The longer-term impact of revenues in descent - Jim Duffy comment
On a recent trip by airplane I observed a true lack of spending by passengers who would normally be splashing the cash at the airport and on the plane. Arriving at Alicante airport this week, I was immediately struck by the lack of cars in the drop-off point. In days gone by this particular area was always busy.
It was difficult to find a space as travellers jockeyed for position to pick up or drop off relatives and friends. The free ten minutes was always a scrum. But at literally pennies to wait for 30 minutes, no-one cared. Cars would be abandoned at will and without a care.
Pick-up and car rental companies would hoard great swathes of this car park to conduct their business. But this week the car park was empty. It has moved from a bristling enterprise to a hollow void with only a quarter of the traffic now deployed. That must be affecting airport revenues.
On entering the main terminal, which has bundles of structured lanes for checking in and dropping off bags, I observed what looked like a museum with only a tenth of the usual capacity being used. And that means jobs not being filled. Nowhere are the effects of the global pandemic being felt more than transport hubs, which created steady jobs for those who enjoy customer service. Spain, like the UK, is definitely feeling the pinch.
At security, only two lanes were open from the usual up to 20 lines of passengers. There was no rushing and bad tempers. Only a few of us plodding through. Again, it made me think about all those workers who were now either on the equivalent of Spain’s furlough or who have been made redundant. Then it was off to the duty free.
This area was open, but with a skeleton staff. I struggled to find a decent deal. Apart from more rare whiskies and brandies, I could get a better deal in my local Tesco or Asda. The prices had risen for sure here. The queues at the tills said it all.
Anytime I’ve travelled through this airport, people are queuing ten deep at each till point. Not this week. A salting of passengers making purchases. Not great for the airport and all the spirit producers who rely on global revenues from worldwide airports. The palpable feel of constriction in commerce is gripping and being replicated at airports all across the Med, no less the world.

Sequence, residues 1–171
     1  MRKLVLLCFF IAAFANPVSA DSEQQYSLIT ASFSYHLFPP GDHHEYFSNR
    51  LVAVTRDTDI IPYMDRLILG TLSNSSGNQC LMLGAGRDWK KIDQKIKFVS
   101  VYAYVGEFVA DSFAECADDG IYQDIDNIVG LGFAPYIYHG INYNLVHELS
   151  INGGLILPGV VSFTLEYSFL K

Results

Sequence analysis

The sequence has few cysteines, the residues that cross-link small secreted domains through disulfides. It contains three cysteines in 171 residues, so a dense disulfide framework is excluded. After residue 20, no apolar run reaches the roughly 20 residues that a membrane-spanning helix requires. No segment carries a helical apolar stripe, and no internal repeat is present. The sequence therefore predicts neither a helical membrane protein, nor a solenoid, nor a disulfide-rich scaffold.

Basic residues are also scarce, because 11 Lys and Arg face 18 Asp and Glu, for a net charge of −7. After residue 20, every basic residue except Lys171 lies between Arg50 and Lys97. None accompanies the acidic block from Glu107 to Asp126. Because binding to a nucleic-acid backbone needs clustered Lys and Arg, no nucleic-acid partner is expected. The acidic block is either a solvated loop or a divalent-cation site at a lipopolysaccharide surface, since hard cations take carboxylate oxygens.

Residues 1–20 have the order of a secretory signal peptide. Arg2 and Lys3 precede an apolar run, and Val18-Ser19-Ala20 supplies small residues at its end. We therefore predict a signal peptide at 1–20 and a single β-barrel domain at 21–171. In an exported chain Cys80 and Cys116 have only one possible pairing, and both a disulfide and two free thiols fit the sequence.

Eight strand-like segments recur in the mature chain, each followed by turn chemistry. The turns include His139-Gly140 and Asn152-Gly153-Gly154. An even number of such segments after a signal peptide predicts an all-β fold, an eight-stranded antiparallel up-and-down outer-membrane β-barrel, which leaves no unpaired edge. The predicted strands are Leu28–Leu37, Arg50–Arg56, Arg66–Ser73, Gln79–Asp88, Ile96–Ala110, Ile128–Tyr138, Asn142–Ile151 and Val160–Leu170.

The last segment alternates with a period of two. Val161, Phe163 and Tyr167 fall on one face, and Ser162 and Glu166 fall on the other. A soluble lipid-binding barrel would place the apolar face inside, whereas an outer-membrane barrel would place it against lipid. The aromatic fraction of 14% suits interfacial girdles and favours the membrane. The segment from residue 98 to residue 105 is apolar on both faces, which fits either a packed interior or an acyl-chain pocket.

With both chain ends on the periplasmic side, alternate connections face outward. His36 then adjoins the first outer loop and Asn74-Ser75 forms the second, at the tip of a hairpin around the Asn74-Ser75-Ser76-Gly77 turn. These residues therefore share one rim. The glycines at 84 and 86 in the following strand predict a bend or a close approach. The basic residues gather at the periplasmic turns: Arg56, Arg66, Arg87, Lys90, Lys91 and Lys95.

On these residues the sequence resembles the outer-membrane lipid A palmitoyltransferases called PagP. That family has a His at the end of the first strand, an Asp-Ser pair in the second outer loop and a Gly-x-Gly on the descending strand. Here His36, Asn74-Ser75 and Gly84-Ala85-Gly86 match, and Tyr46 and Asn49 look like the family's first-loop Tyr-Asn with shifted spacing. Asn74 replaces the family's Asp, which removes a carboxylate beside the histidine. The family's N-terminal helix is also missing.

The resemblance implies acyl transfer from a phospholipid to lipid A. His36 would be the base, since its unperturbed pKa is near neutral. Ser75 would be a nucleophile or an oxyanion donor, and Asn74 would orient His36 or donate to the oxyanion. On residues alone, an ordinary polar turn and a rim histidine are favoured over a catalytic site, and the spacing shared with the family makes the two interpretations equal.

Having boarded my Ryanair flight, which by the way had been re-scheduled, as it looked to me online that the two flights heading to Edinburgh at the beginning of the week were half full. So, why not cancel one and ram the other, eh? And as we all boarded the aircraft wearing an assortment of masks, it felt rather depressing. It was business-like, but there was no chatting and it all felt a bit flat. And this is how the tills at Ryanair HQ must feel right now along with so many other travel firms.
Usually on these flights the tea, coffee and cervezas are being bought with avarice. Euro and GBP denominations are being passed over and exchange rates worked out for change. Not this week. It was cards only with no form of cash accepted.
And the drinks and food rounds were the fastest I had seen in years. In short, no-one bar a small few was buying. Many had brought their own home-made lunch on board, probably unsure if the airlines were offering food. So, Ryanair that relies on this income for its overall profits again lost out.
The duty free bar round was a damp squib with the poor air stewardess walking through the cabin alone and with not one taker. This was hurting her and her colleagues’ commission. Not ideal.
In just on this one flight, I witnessed the continued and sustained demise of regular business that is being replicated across the globe. Add in so many other ancillary services and it highlights how the wheels of commerce are collapsing in some sectors.
And the next few months will not get any better. The lack of dividends and falling share prices will tell the story.
Jim Duffy MBE, Create Special
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